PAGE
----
Eating yogurt is one of the healthiest ways to get your daily dose of dairy. And I’m guessing you know why…
Because it’s packed with probiotics, of course!
But if you’re bored with the plain old yogurt you usually eat (or even if you’re not), you may want turn to yogurt’s more thirst-quenching cousin — kefir — for a change of pace and better health benefits.
Kefir, in case you’re unaware, is fermented milk (usually from a cow) that tastes a heck of a lot like drinkable yogurt. It’s made by mixing milk with kefir grains, little particles that contain bacteria, yeasts, milk proteins and complex sugars. These grains cause the milk to ferment producing the delectable yogurt-like beverage known as kefir.
Now, if you’re wondering why you should try kefir rather than just sticking to your usual yogurt, the reasons are many…
Kefir contains more probiotic strains than yogurt, for one. It contains somewhere between 27 and 30 strains, whereas yogurt only contains two to seven strains. So each sip is filling your body with more probiotic goodness than each spoonful of yogurt.
On top of that, studies show kefir has other unique health benefits that may inspire you to add it to your next shopping list…
It may protect against food allergies.
A 2006 study found that the beneficial bacteria in kefir may protect against food allergies. In the study, researchers gave mice kefir, and after three weeks, they produced less antibodies to a common allergen from egg called ovalbumin (OVA). That means their immune system stopped overreacting to the allergen. Other studies show that kefir can prevent food allergens from making it past the intestinal wall too.
It’s easy to digest—especially if you’re lactose intolerant.
Did you know that 60 percent of adults can’t digest milk because of a sugar in milk called lactose? Not everyone realizes it, of course. They may deal with digestive symptoms now and again, but they never connect the dots and realize the culprit is dairy. So basically, more people are lactose intolerant than tolerant. Luckily, kefir contains an enzyme that’s necessary to digest lactose, making it easier on your gut.
It protects you from nasty bacterial infections.
Kefir is better at fighting off dangerous bacteria than yogurt. Studies show it battles some of the worst bacterial offenders like Salmonella, Helicobacter Pylori and E. coli. That’s probably because kefir contains both a beneficial bacteria (Lactobacillus kefiri) and a carbohydrate (Kefiran) with proven bacteria-fighting abilities.
It has cancer-fighting properties.
Several studies show that kefir has anti-cancer abilities. One study found that kefir contains components that stop the growth of human breast cancer cells, and that it stops these cancer cells more effectively than yogurt. It’s also been proven helpful against adult lymphoblastic leukemia and colon cancer. Now, full disclosure, these studies were performed in test tubes in a laboratory and not in human bodies, but still, the potential is promising.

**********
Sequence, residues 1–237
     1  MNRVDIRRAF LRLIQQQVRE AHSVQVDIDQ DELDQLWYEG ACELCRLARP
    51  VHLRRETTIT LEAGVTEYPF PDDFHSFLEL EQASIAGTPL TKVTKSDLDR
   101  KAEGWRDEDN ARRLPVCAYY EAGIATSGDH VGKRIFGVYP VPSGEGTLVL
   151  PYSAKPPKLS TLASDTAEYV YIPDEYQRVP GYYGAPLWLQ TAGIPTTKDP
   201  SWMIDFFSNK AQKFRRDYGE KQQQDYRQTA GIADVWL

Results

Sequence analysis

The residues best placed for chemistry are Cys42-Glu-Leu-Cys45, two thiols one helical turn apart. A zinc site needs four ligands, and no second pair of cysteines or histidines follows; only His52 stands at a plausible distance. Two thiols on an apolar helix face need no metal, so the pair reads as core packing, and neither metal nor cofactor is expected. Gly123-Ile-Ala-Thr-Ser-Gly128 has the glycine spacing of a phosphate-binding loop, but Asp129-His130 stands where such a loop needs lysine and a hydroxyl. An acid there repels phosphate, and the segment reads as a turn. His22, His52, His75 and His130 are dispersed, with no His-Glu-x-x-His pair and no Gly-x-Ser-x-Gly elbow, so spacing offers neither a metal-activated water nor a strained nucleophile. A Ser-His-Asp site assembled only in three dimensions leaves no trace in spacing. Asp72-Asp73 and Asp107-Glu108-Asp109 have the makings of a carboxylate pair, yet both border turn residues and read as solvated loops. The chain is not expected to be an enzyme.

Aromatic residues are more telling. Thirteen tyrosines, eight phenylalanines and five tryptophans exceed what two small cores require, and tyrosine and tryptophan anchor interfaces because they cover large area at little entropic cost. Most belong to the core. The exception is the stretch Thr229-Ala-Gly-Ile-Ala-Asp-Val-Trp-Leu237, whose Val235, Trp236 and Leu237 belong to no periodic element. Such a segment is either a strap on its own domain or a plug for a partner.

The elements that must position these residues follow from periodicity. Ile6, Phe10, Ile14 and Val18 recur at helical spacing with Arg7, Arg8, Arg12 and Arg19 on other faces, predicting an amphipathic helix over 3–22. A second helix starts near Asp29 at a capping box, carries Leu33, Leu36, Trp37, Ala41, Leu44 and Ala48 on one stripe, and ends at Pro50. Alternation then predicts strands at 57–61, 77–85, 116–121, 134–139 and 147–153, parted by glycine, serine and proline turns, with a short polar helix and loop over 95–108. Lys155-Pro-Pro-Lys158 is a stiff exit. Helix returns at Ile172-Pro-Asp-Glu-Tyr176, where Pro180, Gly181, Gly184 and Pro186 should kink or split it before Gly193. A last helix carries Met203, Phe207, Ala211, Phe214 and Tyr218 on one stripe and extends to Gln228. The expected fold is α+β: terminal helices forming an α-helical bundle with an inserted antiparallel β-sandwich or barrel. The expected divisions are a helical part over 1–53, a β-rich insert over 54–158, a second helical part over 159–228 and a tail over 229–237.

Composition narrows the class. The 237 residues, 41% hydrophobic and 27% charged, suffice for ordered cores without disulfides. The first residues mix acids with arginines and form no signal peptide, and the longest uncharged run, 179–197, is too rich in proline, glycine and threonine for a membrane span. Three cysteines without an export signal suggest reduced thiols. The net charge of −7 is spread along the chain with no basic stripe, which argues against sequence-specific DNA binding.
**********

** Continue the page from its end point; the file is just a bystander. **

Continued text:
So if you’re ready to move past your Yoplait (although, hopefully you’ve been eating a healthier, higher quality brand of yogurt than that!), head to the store and pick up a bottle of kefir. Just watch out for added sugars. And if you’re feeling extra ambitious, you can even try making your own kefir. Just follow this simple recipe.
- “What is Kefir?” — Kefir.net. Retrieved August 4, 2017.
- “Why Kefir is a Healthier Choice than Yogurt.” — The Healthy Home Economist. Retrieved August 4, 2017.
- “Friendly Bacteria In Alcoholic Milkshake Could Fight Food Allergies.” — ScienceDaily. Retrieved August 4, 2017.
- “Kefir May Bolster Lactose Tolerance In Intolerant People.” — ScienceDaily. Retrieved August 4, 2017.
- “Sixty Percent of Adults Can’t Digest Milk.” — ABC News. Retrieved August 4, 2017.
- Chen, et al. “Kefir extracts suppress in vitro proliferation of estrogen-dependent human breast cancer cells but not normal mammary epithelial cells.” — Journal of Medicinal Food. Sep 2007;10(3):416-22.
- Khoury, et al. “Kefir exhibits anti‑proliferative and pro‑apoptotic effects on colon adenocarcinoma cells with no significant effects on cell migration and invasion.” — International Journal of Oncology. Nov 2014;45(5):2117-27.
- Maalouf, et al. “Kefir induces cell-cycle arrest and apoptosis in HTLV-1-negative malignant T-lymphocytes.” — Cancer Management and Research. 2011 Feb 14;3:39-47.
- L. Rodrigues, et al. “Antimicrobial and healing activity of kefir and kefiran extract.” — International Journal of Antimicrobial Agents. May 2005;25(5):404-8.
- Zhu, et al. “Meta-analysis of the efficacy of probiotics in Helicobacter pylori eradication therapy.” — World Journal of Gastroenterology. 2014 Dec 21; 20(47): 18013–18021.
- Carasi, et al. “Safety Characterization and Antimicrobial Properties of Kefir-Isolated Lactobacillus kefiri.” — BioMed Research International, 204.